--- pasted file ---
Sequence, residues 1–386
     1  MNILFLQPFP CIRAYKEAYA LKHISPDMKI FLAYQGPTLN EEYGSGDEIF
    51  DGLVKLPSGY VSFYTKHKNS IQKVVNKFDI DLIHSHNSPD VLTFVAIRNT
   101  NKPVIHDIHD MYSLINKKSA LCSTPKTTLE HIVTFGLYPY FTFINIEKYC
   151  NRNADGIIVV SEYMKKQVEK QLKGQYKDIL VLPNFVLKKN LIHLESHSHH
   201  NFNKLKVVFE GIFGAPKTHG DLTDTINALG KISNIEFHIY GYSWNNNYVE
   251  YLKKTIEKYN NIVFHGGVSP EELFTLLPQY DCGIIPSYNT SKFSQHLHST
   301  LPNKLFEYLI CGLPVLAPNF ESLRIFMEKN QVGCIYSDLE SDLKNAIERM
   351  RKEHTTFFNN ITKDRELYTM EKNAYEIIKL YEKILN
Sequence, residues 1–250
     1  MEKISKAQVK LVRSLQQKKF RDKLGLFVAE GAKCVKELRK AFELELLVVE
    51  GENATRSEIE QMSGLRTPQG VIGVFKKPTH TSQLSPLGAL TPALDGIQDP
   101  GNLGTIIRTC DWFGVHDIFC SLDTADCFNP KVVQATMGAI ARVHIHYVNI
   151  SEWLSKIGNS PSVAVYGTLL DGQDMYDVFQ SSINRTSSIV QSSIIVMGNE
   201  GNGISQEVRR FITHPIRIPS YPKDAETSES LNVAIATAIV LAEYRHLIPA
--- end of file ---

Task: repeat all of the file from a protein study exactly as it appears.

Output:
Sequence, residues 1–386
     1  MNILFLQPFP CIRAYKEAYA LKHISPDMKI FLAYQGPTLN EEYGSGDEIF
    51  DGLVKLPSGY VSFYTKHKNS IQKVVNKFDI DLIHSHNSPD VLTFVAIRNT
   101  NKPVIHDIHD MYSLINKKSA LCSTPKTTLE HIVTFGLYPY FTFINIEKYC
   151  NRNADGIIVV SEYMKKQVEK QLKGQYKDIL VLPNFVLKKN LIHLESHSHH
   201  NFNKLKVVFE GIFGAPKTHG DLTDTINALG KISNIEFHIY GYSWNNNYVE
   251  YLKKTIEKYN NIVFHGGVSP EELFTLLPQY DCGIIPSYNT SKFSQHLHST
   301  LPNKLFEYLI CGLPVLAPNF ESLRIFMEKN QVGCIYSDLE SDLKNAIERM
   351  RKEHTTFFNN ITKDRELYTM EKNAYEIIKL YEKILN
Sequence, residues 1–250
     1  MEKISKAQVK LVRSLQQKKF RDKLGLFVAE GAKCVKELRK AFELELLVVE
    51  GENATRSEIE QMSGLRTPQG VIGVFKKPTH TSQLSPLGAL TPALDGIQDP
   101  GNLGTIIRTC DWFGVHDIFC SLDTADCFNP KVVQATMGAI ARVHIHYVNI
   151  SEWLSKIGNS PSVAVYGTLL DGQDMYDVFQ SSINRTSSIV QSSIIVMGNE
   201  GNGISQEVRR FITHPIRIPS YPKDAETSES LNVAIATAIV LAEYRHLIPA